There comes a time in every rightly constructed boy’s life that he has a raging desire to go somewhere and dig for hidden treasure. – Mark Twain
The soil round Limoges was rich in kaolin and feldspar deposits, two clay minerals essential to producing porcelain. In 1665, a chemist’s wife living in Limoges, experimented with kaolin, hoping to improve her soap products. By 1771, Limoges, one of the oldest towns in the French kingdom, began constructing facilities with wood burning kilns for the production of fine porcelain. Hand painting was done by artists.
Limoges products are recognized as high quality porcelain, and greatly valued by collectors. True Quality Limoges pieces were produced between the late 1700’s and the 1930’s. Pieces produced post-1940 are less valuable.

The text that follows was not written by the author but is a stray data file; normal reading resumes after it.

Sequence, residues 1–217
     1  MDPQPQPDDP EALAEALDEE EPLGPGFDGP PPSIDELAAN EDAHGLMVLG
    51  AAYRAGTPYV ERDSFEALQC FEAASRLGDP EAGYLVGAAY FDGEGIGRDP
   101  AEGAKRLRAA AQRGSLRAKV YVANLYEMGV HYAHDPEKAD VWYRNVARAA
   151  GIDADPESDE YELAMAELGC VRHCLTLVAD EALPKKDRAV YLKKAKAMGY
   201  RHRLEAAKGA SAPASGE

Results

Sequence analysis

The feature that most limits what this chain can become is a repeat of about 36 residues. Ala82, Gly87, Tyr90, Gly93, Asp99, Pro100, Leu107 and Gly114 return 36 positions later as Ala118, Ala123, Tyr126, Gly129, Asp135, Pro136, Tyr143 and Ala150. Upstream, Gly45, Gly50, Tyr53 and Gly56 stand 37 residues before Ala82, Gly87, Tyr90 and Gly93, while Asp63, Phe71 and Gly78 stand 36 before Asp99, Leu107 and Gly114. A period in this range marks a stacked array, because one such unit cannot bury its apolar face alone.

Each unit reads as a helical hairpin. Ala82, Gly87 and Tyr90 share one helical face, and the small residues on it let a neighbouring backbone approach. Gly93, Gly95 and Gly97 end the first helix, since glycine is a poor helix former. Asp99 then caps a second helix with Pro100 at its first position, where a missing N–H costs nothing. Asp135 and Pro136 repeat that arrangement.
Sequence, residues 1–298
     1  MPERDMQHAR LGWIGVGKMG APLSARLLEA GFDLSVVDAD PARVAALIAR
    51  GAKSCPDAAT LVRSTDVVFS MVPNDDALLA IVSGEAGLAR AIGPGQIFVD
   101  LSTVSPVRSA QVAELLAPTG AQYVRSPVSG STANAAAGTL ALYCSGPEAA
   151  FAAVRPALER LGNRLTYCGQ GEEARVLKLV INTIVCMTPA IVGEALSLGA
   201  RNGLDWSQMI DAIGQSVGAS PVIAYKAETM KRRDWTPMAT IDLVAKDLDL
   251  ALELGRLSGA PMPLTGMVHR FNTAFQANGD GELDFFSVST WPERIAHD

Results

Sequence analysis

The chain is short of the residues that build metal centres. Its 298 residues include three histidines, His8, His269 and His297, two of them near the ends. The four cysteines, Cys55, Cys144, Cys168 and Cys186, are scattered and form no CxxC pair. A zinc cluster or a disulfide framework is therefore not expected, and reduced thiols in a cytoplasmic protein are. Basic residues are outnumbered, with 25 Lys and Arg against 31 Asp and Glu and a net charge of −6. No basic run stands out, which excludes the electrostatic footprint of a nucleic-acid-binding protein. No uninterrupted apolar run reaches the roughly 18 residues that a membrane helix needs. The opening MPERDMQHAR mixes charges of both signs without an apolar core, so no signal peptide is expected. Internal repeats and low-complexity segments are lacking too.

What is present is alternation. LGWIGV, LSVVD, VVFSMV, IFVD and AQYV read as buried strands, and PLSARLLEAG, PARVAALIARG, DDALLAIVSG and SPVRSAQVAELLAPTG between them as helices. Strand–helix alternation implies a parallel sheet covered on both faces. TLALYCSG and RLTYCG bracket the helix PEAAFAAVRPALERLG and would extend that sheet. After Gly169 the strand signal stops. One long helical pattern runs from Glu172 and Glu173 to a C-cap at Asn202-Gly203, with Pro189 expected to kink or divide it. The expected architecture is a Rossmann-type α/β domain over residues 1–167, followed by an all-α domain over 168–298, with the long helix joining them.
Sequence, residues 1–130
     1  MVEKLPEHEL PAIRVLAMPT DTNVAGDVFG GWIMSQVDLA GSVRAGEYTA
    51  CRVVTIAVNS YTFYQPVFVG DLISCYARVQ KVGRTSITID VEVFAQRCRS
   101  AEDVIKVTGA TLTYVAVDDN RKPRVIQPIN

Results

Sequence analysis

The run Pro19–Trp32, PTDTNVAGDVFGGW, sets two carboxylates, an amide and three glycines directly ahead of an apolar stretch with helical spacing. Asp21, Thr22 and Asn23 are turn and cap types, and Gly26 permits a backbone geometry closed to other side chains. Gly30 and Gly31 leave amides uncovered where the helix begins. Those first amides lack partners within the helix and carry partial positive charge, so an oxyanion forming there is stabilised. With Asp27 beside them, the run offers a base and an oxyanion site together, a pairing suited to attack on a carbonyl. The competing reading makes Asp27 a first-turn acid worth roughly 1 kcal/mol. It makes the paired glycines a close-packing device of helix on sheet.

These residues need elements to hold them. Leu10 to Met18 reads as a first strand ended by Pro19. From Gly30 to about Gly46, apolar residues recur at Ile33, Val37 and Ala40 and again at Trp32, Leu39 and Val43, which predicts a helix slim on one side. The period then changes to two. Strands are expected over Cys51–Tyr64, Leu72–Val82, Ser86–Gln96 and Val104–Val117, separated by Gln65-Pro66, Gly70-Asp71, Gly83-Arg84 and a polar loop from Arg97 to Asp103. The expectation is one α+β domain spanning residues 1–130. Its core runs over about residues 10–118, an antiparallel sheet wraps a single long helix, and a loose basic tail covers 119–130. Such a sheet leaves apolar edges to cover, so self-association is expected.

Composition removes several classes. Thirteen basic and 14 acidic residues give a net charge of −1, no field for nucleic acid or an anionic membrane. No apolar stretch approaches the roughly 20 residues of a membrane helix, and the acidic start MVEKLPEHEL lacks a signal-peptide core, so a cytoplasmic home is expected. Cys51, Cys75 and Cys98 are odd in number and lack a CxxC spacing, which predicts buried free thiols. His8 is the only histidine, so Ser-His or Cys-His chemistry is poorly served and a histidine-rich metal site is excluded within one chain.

I was not able to determine a production date for it, so though the saucer has yellowed slightly, I have don’t know if it’s a result of age or was simply designed to look old. My Dad picked up this Limoges tea cup and saucer at an auction. Perhaps he’s found a hidden treasure.